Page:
Thermoelectricity is phenomena of direct heat conversion into electricity in solid and liquid conducting materials and inverse effect of direct heating and cooling of junctions of conducting materials with let-through current. The term ‘thermoelectricity��™ comprises three interrelated effects: Seebek thermoelectric effect and Pelletier and Thomson electrochemical effects.� All of them are characterized with corresponding coefficients which are different for different materials. These coefficients are connected with each other by so-called Kelvin relations. They are determined by characteristics of junctions and by properties of materials. Other phenomena, in which heat energy and electricity participate, like thermionic emission and heating effect of current, described by Joule-Lenz’s law, differ essentially from thermoelectric and electrochemical effects and they are not discussed here**.**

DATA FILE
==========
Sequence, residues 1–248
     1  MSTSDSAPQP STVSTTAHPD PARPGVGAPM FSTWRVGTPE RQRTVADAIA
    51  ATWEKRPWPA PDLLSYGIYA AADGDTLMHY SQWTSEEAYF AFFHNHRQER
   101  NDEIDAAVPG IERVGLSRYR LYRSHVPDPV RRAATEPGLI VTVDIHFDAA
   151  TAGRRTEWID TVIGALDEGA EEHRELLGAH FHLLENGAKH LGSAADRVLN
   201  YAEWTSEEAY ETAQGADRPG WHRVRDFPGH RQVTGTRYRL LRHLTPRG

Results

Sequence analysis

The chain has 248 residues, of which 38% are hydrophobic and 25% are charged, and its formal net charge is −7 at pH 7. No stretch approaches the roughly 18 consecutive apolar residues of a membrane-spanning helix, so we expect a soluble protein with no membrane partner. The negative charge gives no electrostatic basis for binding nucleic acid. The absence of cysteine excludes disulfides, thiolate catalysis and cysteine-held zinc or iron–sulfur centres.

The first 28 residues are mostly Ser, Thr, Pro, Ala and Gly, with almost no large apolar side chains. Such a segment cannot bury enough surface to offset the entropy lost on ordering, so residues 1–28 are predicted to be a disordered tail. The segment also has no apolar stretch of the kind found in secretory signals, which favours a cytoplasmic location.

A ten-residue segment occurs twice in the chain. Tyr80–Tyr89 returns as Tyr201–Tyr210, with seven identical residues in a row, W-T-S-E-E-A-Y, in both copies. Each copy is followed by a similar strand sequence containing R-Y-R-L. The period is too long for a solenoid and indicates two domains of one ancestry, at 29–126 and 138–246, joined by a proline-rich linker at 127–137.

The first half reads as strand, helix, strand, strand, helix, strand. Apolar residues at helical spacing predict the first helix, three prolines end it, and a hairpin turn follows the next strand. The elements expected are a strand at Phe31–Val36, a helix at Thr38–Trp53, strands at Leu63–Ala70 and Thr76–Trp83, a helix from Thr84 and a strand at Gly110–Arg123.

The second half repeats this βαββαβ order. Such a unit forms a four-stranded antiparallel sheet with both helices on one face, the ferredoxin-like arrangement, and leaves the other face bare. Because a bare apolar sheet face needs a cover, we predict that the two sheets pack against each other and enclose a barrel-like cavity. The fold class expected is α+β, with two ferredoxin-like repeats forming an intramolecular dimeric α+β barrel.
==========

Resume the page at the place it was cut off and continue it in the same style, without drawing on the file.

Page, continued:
**In such a way, these effects allow us having one type of energy (heat or electric) to get another, necessary to solve different problems.**